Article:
Tag Archives: plane crash

French Prosecutor: Germanwings Co-Pilot Deliberately Destroyed Flight 4U 9525


On Thursday, Marseilles prosecutor Brice Robin, who is investigating the crash of Germanwings flight 4U 9525, which crashed into the French Alps and killed all 150 people on board on Tuesday morning, said that first pilot Andreas Lubitz “deliberately destroyed” the plane.

The plane, an Airbus A320, was flying from Barcelona, Spain, to Düsseldorf, Germany, when it crashed and killed all 144 passengers and six crew members instantly. Aside from the names of the pilots, the airline has announced that it will not release the names of the passengers who were on board, “not only due to data protection but above all to honor their privacy.”

The Telegraph noted that the flight, which crashed near Digne-les-Bains in the French Alps, was one of France’s worst aviation disasters.

During a press conference on Thursday, Robin said that after investigating the plane’s black box recorder, he determined that the crash was “not an accident,” and that Lubitz seemed to have deliberately destroyed the plane.

Robin explained that prior to the crash, Lubitz was alone at the controls, after the captain of the flight, Patrick Sondenheimer, left to use the restroom. Robin said that Lubitz “voluntarily refused to open the door of the cockpit to the pilot and voluntarily began the descent of the plane.

“For the last 20 minutes the conversation was normal, courteous, nothing abnormal,” Robin saidHe explained that it was not until the captain left to of to the restroom and Lubitz was alone, that he began to manipulate the flight monitoring system, and put the plane into descent mode.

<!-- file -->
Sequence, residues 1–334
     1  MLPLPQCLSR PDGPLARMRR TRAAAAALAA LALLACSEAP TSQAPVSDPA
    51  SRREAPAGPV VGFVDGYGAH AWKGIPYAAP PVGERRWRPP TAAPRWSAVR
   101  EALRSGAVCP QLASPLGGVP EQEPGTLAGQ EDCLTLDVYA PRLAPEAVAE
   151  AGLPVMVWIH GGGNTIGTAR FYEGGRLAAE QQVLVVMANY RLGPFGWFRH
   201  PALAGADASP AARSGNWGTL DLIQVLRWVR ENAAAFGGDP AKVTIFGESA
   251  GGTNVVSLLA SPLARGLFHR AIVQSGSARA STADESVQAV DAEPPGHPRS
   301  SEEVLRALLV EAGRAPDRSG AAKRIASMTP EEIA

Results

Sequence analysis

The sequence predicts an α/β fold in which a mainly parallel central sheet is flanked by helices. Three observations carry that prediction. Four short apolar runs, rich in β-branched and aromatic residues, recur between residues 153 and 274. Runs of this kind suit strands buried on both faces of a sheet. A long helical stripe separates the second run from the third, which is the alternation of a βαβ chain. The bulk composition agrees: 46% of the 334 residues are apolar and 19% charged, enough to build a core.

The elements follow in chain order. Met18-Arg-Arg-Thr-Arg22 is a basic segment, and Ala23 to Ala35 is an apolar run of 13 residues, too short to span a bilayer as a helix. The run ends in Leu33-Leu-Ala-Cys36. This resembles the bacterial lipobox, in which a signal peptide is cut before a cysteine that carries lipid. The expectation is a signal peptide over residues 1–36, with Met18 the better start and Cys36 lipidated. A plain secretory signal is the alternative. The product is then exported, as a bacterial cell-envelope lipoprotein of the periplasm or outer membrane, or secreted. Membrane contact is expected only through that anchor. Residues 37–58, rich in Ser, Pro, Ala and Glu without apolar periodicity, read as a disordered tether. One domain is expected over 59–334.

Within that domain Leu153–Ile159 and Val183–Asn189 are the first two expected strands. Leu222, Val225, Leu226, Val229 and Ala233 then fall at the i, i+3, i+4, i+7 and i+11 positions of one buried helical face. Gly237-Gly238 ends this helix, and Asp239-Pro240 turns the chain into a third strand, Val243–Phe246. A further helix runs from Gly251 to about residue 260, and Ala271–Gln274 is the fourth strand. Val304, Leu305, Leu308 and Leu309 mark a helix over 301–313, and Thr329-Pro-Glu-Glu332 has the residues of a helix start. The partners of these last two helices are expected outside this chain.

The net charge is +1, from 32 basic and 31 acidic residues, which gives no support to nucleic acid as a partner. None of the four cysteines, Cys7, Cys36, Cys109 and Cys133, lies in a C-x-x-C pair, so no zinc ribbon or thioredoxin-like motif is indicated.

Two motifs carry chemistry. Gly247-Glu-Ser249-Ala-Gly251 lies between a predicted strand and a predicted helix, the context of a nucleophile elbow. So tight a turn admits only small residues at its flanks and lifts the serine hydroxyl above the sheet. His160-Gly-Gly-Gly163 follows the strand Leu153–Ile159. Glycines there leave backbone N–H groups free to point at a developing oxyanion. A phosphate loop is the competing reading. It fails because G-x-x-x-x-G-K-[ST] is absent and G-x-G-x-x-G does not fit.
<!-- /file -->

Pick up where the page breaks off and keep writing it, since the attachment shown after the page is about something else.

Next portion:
“The action of this selection of altitude can only be deliberate,” said Robin, who went on to say that in the minutes before the crash, there was “absolute silence in the cockpit,” and that while Lubitz’s breathing was detected on the recording from the black box, he sent no distress signal.

Robin said that there is no evidence to suggest Lubitz had links to terrorist groups, or that this was a terrorist act.

The Guardian reported that Lubitz, a 28-year-old from Germany, clocked a total of 630 flying hours, and had been flying for Germanwings since September 2013, after receiving training from the airline’s parent company Lufthansa.

The Independent reported that the flight’s captain, Patrick Sondenheimer, was a married father of two, who had completed more than 6,000 flying hours, and had been flying with Germanwings since May 2014, after working with both Lufthansa and Condor. The black box recording indicated that after attempting to return to the cockpit, and finding that the door was locked, Sondenheimer knocked, received no response from Lubitz, and then tried to break down the door before the plan crashed.

Air Algerie Plane Crashes in Militant-Held Mali Region

by Jason Ditz, Antiwar.com

The worst week of air disasters in history continued today, with the Air Algerie Flight 5017 the latest plane to crash, apparently killing all 116 people in board. Once again, a civilian airliner has gone down in a warzone.

Flight 5017 went down in northern Mali, where various al-Qaeda-linked factions are known to be active, but conspicuously, there was none of the speculation surrounding previous crashes like MH17 in Ukraine, and even before the plane was found Malian officials were quick to dismiss it as a random lightning strike.

Burkina Faso’s military claims to have found the wreckage, though they insisted they didn’t try to inspect anything because it was night-time. French military forces, which had sent warplanes looking for Flight 5017, say they have no evidence of any find, and are continuing the search.

There is no sign of any shoot-down, and while al-Qaeda factions in northern Mali are known to be keen to shoot down planes, their Libya-looted anti-aircraft missiles are not believed to be able to go high enough to hit a civilian plane flying at normal cruising altitude.

Yet experts are warning that military-grade anti-aircraft missiles are getting easier to come by across the world, and civilian aircraft are vulnerable, particularly when they are flying over warzones.